WOODSTOCK – It was 9 a.m. August 2008.
Bridget Hummel was asleep in her room at the Crystal Lake Motel where she lived and worked.
She woke up to a man on top of her from behind, breathing the words “this is going to happen” into her ear.
The rope he tied around her neck left deep burn marks as she struggled underneath the weight of him.
For a painstaking 37 minutes, Hummel watched as the clock next to her counted the time it took for her intruder to brutally beat and rape her.
All she kept thinking was: “Please don’t kill me.” And “please don’t let my mom find me like this.”
Hummel’s rapist eventually was caught and prosecuted. He is serving a 20-year sentence in Big Muddy River Correctional Facility.
“I got my day in court, and no one will understand the satisfaction that comes from that day,” said Hummel, now 29.
She’s is no longer afraid, yet – as she says – she can’t leave the scene of the crime. There still are moments that trigger her panic and anxiety. Her heart races if she sees someone who resembles the offender. She can’t wear scarves around her neck.
But through it all, she’s become an outspoken advocate against sexual violence, often partnering with VOICE, the Pioneer Center for Human Services’ program for victims of sexual assault. She’s speaking later this month at Take Back the Night, an awareness event and candlelight vigil for victims of sexual assault.
April is sexual assault awareness month.
According to the national statistics from the Rape, Abuse and Incest National Network, or RAINN, one in six women has been the victim of rape or attempted rape.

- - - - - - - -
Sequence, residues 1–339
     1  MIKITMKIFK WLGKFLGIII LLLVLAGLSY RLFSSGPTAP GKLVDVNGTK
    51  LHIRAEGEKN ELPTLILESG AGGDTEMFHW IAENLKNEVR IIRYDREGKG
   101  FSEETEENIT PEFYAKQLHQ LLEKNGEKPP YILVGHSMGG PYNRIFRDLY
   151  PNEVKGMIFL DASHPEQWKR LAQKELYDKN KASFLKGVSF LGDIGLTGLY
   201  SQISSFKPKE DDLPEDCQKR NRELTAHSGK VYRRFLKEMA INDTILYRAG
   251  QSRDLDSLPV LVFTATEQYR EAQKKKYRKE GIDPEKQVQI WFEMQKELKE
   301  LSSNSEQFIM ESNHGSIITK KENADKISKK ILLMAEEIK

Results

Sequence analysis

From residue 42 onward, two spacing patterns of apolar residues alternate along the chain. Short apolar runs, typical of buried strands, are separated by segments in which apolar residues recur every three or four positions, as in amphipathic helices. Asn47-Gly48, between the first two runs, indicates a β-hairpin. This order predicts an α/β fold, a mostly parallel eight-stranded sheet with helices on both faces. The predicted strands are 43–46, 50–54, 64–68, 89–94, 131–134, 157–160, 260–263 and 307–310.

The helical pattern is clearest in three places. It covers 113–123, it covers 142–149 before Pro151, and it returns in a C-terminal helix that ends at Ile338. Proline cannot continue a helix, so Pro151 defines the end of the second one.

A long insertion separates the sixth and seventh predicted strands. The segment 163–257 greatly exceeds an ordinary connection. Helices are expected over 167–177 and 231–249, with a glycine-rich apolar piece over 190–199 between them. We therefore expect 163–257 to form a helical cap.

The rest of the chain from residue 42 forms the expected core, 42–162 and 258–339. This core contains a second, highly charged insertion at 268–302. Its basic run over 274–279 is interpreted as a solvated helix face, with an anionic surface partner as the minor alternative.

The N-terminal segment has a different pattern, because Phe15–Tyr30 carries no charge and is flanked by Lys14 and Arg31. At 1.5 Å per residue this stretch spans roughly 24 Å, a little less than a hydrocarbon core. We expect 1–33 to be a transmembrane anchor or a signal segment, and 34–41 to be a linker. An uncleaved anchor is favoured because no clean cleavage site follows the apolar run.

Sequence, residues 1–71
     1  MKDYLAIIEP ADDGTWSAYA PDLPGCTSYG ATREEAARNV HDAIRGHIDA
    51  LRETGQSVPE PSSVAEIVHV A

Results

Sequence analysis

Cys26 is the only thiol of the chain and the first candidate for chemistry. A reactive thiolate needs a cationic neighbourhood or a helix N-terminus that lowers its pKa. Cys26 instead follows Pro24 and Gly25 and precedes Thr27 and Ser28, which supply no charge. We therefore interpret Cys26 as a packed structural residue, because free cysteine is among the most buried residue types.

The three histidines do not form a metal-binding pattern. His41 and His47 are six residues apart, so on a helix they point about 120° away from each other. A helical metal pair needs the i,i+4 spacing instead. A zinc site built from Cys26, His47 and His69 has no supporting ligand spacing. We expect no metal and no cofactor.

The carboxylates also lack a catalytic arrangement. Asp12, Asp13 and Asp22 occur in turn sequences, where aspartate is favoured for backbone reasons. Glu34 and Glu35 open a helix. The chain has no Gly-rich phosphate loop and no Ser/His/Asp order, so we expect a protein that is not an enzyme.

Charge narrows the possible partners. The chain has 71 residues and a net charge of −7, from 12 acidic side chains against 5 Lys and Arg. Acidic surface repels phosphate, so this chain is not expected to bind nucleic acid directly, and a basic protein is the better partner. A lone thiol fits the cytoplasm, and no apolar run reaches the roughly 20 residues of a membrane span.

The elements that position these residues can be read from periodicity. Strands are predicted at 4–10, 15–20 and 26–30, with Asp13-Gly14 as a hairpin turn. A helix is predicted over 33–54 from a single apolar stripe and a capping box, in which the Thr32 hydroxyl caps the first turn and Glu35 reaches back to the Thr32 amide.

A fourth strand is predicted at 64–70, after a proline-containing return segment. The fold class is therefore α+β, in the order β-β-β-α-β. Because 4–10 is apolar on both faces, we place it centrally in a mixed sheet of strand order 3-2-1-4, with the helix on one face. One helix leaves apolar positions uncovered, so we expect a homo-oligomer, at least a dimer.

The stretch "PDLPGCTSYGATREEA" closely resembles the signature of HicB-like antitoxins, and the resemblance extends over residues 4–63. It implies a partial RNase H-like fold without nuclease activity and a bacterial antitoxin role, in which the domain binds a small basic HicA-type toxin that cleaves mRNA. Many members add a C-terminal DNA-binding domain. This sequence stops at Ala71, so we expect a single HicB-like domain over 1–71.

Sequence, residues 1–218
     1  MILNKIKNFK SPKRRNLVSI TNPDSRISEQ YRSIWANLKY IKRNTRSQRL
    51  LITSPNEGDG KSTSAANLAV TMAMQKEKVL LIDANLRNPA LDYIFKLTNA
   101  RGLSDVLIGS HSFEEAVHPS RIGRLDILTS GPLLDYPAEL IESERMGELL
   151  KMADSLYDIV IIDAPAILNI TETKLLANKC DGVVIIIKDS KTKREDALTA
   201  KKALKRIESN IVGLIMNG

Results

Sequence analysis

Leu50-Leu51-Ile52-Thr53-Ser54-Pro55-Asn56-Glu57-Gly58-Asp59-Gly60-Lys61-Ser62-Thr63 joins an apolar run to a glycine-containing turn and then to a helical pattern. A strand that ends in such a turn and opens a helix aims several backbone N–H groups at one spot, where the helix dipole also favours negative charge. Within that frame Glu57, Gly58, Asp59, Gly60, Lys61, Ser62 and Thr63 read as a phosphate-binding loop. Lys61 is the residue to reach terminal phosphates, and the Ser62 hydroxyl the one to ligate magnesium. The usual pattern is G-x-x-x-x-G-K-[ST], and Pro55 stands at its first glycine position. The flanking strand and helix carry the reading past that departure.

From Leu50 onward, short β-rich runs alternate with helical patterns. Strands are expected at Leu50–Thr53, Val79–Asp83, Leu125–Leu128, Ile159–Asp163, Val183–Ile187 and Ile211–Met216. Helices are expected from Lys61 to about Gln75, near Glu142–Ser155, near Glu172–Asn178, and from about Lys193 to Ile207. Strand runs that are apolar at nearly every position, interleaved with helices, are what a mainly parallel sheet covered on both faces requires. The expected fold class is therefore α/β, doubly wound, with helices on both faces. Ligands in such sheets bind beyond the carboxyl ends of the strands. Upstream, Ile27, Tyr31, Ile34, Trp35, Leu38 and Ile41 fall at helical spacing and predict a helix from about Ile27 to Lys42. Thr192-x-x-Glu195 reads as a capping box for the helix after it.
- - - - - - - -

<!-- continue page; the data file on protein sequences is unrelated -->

Still a majority, an estimated 60 percent, of those attacks go unreported.
For every outspoken woman like Hummel, there are plenty more who aren’t as vocal about their experience.
“Sexual assault is a very private issue. It’s something that nobody looks at. It’s a hush-hush issue,” VOICE Advocate Sarah Mathe said. “... For every silence that is broken, it paves the way for someone else to break their silence.”
Using simple math and national statistics, VOICE estimates there are at least 13,000 women in McHenry County who have been the victim of some form of rape or sexual assault in their lifetimes.
“The reality of McHenry County is that it does happen here,” Mathe said.
Sexual assault advocates can be reached 24/7 through the McHenry County Crisis Program at 800-892-8900. VOICE Sexual Assault Services provides free or low cost counseling, and medical and legal advocacy for victims of rape or sexual assault. They can be reached at 815-759-7066.
If you go What: Take Back the Night. When: 6 p.m. April 16. Where: Conference Center, McHenry County College Information: Call MCC Student Life at 815-455-8772 or email MCCspan@gmail.com.